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A pilot randomized controlled trial of acupuncture at the Si Guan Xue for cancer pain

BMC Complementary and Alternative MedicineBMC series – open, inclusive and trusted201717:335

https://doi.org/10.1186/s12906-017-1838-5

Received: 20 November 2016

Accepted: 13 June 2017

Published: 26 June 2017

Abstracts

Background

Pain is a common symptom in cancer patients. Acupuncture is a suggested treatment for a wide range of clinical conditions, usually for its beneficial effects on pain control. Si guan xue (the four points) have been widely used in clinical practice, and has shown that it is highly effective, effective in obtaining qi, shows strong acupuncture stimulation, and is simple to manipulate and safe to use. Therefore, the aim of this study is to test the protocol and safety of acupuncture at the si guan xue in the management of cancer pain.

Methods

This is a single-blind, randomized controlled pilot trial. 42 patients with moderate to severe cancer pain were randomly assigned to three different arms with seven sessions of treatment; that is, treatment arm 1 (the si guan xue arm, n = 14), treatment arm 2 (the si guan xue plus commonly used acupoints arm, n = 14) and the control arm (the commonly used acupoints arm n = 14). Primary outcomes included acupuncture relieving cancer pain, and patients’ subjective improvement as measured by the Patient Global Impression of Change (PGIC). Secondary outcomes included the scores of the European Organization for Research and Treatment of Cancer Quality of Life Questionnaire-Core 30 (EORTC QLQ-C30) and Karnofsky’s Performance Status (KPS).

Results

The analysis showed that the cancer pain reduction in treatment arm 2 was most prominent on day 5 when compared with the control arm (P<0.05). There was no difference in the scores of PGIC, EORTC QLQ-C30 or KPS among the three groups (P>0.05). Furthermore, no serious adverse events were observed.

Conclusions

These results indicate that acupuncture at the si guan xue plus commonly used acupoints tends to be effective in reducing cancer pain. However, the sample size was small, and a future multi-centre study with a larger sample size is warranted.

Trial registration

ChiCTR-IOR-15007471 (Retroactively registered on 28 NOV 2015)

Keywords

Acupuncture Si guan Xue Cancer painRandomized controlled trial

Background

Cancer is one of the world’s leading causes of death. According to recent reports, 12.7 million people diagnosed with cancer in 2008, and 7.6 million people died of it, accounting for 13% of all the deaths. It has been predicted that the total number of cancer deaths worldwide will increase from 13% in 2007 to 45% in 2030. For newly developed countries, the number is expected to increase from 11.3 million in 2007 to 15.5 million in 2030 [1].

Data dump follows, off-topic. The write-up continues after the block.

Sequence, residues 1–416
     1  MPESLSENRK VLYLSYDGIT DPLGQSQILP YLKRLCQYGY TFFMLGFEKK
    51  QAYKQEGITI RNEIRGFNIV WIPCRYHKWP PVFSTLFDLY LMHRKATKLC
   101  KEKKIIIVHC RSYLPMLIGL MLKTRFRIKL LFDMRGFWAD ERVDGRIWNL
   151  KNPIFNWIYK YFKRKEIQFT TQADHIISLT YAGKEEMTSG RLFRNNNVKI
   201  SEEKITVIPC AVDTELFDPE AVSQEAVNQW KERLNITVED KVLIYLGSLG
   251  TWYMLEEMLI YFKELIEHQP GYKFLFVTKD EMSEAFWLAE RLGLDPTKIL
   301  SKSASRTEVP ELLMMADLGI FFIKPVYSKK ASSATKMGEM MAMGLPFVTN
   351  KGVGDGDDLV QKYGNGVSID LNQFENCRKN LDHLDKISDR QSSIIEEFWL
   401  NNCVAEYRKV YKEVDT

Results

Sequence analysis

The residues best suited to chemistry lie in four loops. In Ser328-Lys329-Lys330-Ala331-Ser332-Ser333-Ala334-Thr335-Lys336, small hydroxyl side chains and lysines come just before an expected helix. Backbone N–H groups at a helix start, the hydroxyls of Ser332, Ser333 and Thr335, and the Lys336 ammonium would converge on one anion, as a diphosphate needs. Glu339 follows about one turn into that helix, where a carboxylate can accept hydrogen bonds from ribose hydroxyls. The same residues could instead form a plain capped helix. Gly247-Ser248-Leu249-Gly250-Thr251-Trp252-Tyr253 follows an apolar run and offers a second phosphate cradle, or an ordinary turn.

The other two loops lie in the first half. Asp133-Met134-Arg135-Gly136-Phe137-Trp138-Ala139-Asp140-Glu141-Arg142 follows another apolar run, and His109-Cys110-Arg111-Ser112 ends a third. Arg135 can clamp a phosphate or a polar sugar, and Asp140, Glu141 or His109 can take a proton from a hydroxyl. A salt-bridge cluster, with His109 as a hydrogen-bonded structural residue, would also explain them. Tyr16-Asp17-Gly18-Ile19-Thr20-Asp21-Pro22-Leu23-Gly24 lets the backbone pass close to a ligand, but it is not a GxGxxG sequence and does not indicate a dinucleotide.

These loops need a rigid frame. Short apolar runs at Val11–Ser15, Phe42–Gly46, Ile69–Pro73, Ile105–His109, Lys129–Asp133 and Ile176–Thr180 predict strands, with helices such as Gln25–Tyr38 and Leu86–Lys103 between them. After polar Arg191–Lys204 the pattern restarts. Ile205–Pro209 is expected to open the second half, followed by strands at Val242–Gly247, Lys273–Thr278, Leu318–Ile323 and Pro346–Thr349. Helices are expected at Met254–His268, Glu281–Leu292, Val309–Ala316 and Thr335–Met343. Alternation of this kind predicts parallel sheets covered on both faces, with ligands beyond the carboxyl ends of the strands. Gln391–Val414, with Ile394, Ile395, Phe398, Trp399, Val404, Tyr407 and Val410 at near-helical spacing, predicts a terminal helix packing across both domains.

Pain is a common cancer symptom. According to the World Health Organization (WHO) in 1995, there are 24.6 million cancer patients worldwide, 20% to 30% of whom suffer from various levels of pain. Although the three-step analgesic ladder of the WHO has been widely used, there is still a paucity of effective pain controls for many cancer patients, especially those in advanced stages of the disease. Many of these patients need to use analgesics such as opioids which act on the central nervous system. However, they may cause serious side effects, including nausea, vomiting, constipation, dryness of mouth, urinary retention, sleep disturbance, confusion, hallucinations, or even respiratory distress. They can give rise to intolerance among patients and coping difficulty for their families [2, 3].

Acupuncture is recommended for a wide range of clinical conditions. In particular, it has beneficial effects on pain control, and more importantly is safe to use. The benefits of acupuncture include rapid onset of analgesic effect, long sustained remission, ease of application, no risk of drug dependence or addiction, and by and large the absence of serious side effects [4].